"I lost 90 pounds in the process. I feel great and have more energy now," he said in an article in The Pioneer.
The morning of July 4, he boarded the bus full of other athletes and rode to the drop-off point. One hour and 49 minutes later, Irey crossed the finish line at Sahalee Park to a clapping crowd. "When I crossed the finish line, it really clicked in my head — 'I really accomplished something,'" he told The Pioneer proudly. Later, he and his brother Richie did the Beamer 2-mile walks together up until last summer.
In 2014, Irey started self-publishing cookbooks to help people struggling with menu ideas. "He loved cooking, and the recipes and cookbooks were his passion," Stetcher said.
Irey's dad was a cook at The Stag Restaurant and his mother was a waitress. But when Robert was 13, his dad was recovering from back surgery, and his mother told him, "Son, you need to make dinner," as she went off to work.
With his dad's encouragement, he branched out from heating up cans of soup, to making full meals. He also took home economics cooking classes at MHS. After he began working at Erickson's, customers kept asking him for dinner ideas, which gave him the idea to publish a series of "Chef Bob" cookbooks, which he sold at Erickson's for $10.
Many of the recipes were from his dad and his grandmother, Lucile Hammett. "It was always Dad's dream to have his recipes published and I thought, I could do that," Irey said in a Madras Pioneer article about his cookbooks. Two years ago, he became active in the Madras Saturday Market with a booth featuring his cookbooks.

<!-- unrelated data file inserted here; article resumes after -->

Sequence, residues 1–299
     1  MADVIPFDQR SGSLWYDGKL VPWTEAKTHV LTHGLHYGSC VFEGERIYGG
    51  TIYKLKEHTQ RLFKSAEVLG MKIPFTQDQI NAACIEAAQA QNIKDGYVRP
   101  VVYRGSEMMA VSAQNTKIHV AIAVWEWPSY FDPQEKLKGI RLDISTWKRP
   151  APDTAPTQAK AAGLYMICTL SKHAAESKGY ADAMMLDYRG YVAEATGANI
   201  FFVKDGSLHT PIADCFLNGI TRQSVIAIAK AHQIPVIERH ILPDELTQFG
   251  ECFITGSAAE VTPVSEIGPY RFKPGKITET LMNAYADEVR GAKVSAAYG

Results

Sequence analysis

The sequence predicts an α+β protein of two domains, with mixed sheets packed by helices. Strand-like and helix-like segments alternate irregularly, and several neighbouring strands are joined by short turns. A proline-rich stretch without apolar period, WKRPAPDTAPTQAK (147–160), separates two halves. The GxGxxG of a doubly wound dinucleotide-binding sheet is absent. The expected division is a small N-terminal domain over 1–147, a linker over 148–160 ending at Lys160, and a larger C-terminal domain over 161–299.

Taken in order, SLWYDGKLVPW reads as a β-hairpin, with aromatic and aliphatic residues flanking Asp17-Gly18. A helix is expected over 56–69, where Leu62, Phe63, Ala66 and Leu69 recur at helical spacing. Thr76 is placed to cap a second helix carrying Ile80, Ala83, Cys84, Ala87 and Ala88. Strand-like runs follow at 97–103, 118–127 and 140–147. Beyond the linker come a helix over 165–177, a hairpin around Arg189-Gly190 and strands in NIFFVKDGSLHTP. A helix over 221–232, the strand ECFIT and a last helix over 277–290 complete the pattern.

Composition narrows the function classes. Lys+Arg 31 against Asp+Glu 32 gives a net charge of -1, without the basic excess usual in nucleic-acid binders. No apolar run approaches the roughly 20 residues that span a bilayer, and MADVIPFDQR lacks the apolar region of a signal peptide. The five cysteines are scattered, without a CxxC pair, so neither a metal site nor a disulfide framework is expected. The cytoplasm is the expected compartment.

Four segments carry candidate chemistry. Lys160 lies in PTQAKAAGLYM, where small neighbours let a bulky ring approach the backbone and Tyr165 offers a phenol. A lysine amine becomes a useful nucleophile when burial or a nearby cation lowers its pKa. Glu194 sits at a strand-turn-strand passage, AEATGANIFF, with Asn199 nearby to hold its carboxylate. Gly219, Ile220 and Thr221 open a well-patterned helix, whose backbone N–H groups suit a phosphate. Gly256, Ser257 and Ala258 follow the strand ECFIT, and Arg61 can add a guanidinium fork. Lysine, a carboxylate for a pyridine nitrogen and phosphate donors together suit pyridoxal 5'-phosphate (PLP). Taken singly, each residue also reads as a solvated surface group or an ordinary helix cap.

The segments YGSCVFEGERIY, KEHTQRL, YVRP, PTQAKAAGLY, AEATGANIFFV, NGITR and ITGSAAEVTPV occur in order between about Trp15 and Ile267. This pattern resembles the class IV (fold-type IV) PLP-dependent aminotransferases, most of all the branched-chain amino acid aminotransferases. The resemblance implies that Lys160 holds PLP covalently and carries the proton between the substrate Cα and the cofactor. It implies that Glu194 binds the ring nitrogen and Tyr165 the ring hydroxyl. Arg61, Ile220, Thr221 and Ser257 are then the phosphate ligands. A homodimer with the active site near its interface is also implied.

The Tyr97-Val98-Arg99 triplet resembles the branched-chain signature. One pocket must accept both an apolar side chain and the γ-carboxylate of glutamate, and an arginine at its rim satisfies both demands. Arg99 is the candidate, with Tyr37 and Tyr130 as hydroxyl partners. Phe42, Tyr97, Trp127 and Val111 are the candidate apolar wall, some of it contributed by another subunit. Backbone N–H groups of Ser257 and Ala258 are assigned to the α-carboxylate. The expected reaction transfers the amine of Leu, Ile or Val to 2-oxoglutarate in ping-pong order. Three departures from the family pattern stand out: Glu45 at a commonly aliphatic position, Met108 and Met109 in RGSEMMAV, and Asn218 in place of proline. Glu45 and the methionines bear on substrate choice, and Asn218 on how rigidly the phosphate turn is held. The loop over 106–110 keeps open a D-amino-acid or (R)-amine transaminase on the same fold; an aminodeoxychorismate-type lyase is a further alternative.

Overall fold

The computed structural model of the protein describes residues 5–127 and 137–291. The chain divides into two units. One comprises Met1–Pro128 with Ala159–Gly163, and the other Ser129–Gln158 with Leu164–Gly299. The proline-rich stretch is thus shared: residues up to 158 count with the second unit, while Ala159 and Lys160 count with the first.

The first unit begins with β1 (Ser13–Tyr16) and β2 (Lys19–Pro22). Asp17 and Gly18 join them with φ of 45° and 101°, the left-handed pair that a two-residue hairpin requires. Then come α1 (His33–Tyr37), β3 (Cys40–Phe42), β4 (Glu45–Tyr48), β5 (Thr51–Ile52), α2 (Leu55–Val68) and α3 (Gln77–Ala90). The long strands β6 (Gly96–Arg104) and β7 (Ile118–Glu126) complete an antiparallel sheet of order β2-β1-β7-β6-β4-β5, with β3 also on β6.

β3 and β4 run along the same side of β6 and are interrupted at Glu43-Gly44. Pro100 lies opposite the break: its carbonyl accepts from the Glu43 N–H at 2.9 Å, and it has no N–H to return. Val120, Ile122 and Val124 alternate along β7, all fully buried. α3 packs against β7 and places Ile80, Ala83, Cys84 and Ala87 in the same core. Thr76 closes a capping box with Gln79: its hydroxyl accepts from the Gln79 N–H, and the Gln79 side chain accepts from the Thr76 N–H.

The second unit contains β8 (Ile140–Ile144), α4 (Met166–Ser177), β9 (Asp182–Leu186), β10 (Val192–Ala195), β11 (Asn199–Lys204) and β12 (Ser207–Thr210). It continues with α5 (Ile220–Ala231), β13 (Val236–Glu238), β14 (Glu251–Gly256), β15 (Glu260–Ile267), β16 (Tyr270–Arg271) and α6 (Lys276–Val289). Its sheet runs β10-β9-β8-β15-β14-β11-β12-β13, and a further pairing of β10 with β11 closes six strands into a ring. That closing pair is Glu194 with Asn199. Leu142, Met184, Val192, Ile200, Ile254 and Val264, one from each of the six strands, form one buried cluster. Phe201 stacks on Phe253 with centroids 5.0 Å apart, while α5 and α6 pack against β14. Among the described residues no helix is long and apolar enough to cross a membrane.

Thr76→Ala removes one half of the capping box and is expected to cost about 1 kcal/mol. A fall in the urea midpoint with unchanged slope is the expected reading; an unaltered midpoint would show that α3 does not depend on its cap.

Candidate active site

Eidemiller laughed, "Employees gave him a hard time at the store because he was in The Pioneer way more than they were."
Richie Irey said he and Robert liked to fish, hang out and cook together, adding, "We got the cooking bug from our dad." They worked together at Erickson's for nine years, but now Richie Irey lives in Culver and is an in-home caregiver.
"I'm in awe that he spent 33 years in the grocery business. I wish I could say that," Richie Irey said of his older brother.
Many who grew up with Robert Irey in the Madras area were saddened by his death. Brian Bushlach, who was raised in Madras and now lives in the Seattle area, reached out to the Pioneer to note, "Robert was always a special guy. I remember even way back in grade school, he was always smiling, always happy. He loved people and everybody loved him."
A memorial for Robert Irey will be held at 11 a.m., Saturday, Sept. 14, at the Jefferson County Senior Center, followed by a potluck featuring Chef Bob recipes. Erickson's has set up three memory boards at a check stand for customers and community members to write messages for the family, which will be used at the memorial. Donations to help with expenses may be made at Erickson's, or to an account in Robert Irey's name at Mid Oregon Credit Union.
It will be a time to share memories and celebrate Robert Irey's life. "He would want us to be happy, not sad," Richie Irey said.
Remembering Irey, Dawn Stetcher said, "He was an all-around good guy. You don't realize what you had until you lose it. He was very gentle hearted."